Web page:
Ecological Effects Of Forest Fires
April 10, 2001
More than 92,000 separate fires blackened an estimated 7.4 million acres of woodland in the U.S. last year -- one of the most severe years on record. Among the hardest hit states were Montana, New Mexico and Colorado.
Ever since fires blackened 739,000 acres in Yellowstone National Park in Wyoming in 1988, researchers have been studying the effect of fire on the park's ecosystem and how it responds in ensuing years. More than 250 experiments have been performed there. The findings should provide insights into how areas damaged last year might respond in the future.
Here are a few of the researchers' conclusions:
- Shifts in habitat fall along a spectrum -- from major to subtle -- depending on factors including a fire's intensity and soil conditions.
- The changes favor some species and increase their distribution and abundance (hawks, snowshoe hare, lynx), while hampering others (moose, pine martens) -- sometimes for the short term, and sometimes for much longer.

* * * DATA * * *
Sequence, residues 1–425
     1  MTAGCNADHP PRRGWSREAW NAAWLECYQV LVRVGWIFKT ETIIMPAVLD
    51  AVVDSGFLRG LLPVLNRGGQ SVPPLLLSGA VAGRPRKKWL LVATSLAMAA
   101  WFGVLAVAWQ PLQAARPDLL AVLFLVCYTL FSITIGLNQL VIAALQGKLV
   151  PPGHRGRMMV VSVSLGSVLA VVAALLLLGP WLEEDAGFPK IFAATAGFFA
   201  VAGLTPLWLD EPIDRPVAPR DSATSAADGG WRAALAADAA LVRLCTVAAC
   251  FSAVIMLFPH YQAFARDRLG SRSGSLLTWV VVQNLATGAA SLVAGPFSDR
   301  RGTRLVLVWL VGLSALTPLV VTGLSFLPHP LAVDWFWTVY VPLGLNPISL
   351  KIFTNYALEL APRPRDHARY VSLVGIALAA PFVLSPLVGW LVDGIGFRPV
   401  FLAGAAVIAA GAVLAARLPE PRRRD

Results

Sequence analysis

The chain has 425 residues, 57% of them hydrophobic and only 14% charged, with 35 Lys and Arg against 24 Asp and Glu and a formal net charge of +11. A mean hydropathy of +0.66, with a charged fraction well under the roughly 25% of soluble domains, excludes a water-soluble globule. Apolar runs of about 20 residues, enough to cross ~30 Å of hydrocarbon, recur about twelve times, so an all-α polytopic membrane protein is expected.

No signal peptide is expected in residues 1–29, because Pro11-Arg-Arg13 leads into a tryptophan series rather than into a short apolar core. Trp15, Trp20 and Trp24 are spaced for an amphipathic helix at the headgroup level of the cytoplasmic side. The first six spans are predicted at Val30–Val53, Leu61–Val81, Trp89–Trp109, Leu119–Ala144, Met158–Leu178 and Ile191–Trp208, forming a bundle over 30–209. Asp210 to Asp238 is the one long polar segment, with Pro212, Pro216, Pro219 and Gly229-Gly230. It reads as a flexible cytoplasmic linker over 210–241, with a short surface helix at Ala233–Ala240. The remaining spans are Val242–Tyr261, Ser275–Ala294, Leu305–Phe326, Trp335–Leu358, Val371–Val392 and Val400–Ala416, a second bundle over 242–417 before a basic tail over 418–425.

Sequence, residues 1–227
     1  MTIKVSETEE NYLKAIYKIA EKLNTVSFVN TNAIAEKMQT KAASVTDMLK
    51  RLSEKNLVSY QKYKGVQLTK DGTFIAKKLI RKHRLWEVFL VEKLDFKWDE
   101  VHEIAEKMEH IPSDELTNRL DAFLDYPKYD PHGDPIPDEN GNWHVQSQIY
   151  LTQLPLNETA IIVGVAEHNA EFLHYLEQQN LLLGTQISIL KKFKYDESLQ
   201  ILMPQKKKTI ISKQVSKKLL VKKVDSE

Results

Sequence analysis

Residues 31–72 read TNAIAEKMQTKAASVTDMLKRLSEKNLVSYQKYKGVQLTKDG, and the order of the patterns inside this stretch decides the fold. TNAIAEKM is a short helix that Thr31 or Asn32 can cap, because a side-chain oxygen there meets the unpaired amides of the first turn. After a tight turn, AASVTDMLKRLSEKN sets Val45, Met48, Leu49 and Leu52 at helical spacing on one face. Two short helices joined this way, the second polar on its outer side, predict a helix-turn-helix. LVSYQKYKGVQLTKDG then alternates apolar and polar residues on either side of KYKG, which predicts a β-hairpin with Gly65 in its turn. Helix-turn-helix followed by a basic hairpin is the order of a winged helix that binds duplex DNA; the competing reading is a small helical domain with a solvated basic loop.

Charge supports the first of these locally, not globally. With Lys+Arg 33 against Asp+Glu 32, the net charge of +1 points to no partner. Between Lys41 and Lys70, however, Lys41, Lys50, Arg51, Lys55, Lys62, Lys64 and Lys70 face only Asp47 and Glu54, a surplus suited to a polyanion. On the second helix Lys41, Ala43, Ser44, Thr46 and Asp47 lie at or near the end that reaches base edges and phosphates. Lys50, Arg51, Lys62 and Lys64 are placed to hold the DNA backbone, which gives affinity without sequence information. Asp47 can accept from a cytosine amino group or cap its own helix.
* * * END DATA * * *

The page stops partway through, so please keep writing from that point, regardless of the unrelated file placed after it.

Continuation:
- Depending on wind and available fuel, a wildfire burns in a mosaic -- destroying some areas, while singeing other areas and leaving some untouched.
- Lightly burned or unburned areas provide a reservoir of seeds that revitalize more heavily burned acreage.
Three years after the Yellowstone fire, however, the boost from additional nutrients was largely over and regrowth was remarkably rapid.
In areas that burned last year, at lower elevations than the park, much more of the forests were in dryer ecosystems that are less resilient.
The researchers' findings are detailed in a new book, "Yellowstone in the Afterglow: Lessons from the Fire."
Source: Jim Robbins, "In Fires' Afterglow, Nature Runs Its Course, for Good and Ill," New York Times, April 10, 2001.
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